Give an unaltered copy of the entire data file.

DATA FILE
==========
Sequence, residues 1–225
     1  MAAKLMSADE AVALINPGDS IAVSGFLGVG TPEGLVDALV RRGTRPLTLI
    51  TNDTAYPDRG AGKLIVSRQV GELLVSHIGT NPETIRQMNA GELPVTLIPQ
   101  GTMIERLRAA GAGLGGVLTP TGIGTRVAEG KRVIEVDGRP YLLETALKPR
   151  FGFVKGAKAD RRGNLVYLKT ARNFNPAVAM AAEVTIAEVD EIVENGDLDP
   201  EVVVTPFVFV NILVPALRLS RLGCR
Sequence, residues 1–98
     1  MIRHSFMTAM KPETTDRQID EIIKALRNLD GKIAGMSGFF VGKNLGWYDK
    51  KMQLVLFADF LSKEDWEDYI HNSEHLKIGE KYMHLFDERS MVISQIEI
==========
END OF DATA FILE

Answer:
Sequence, residues 1–225
     1  MAAKLMSADE AVALINPGDS IAVSGFLGVG TPEGLVDALV RRGTRPLTLI
    51  TNDTAYPDRG AGKLIVSRQV GELLVSHIGT NPETIRQMNA GELPVTLIPQ
   101  GTMIERLRAA GAGLGGVLTP TGIGTRVAEG KRVIEVDGRP YLLETALKPR
   151  FGFVKGAKAD RRGNLVYLKT ARNFNPAVAM AAEVTIAEVD EIVENGDLDP
   201  EVVVTPFVFV NILVPALRLS RLGCR
Sequence, residues 1–98
     1  MIRHSFMTAM KPETTDRQID EIIKALRNLD GKIAGMSGFF VGKNLGWYDK
    51  KMQLVLFADF LSKEDWEDYI HNSEHLKIGE KYMHLFDERS MVISQIEI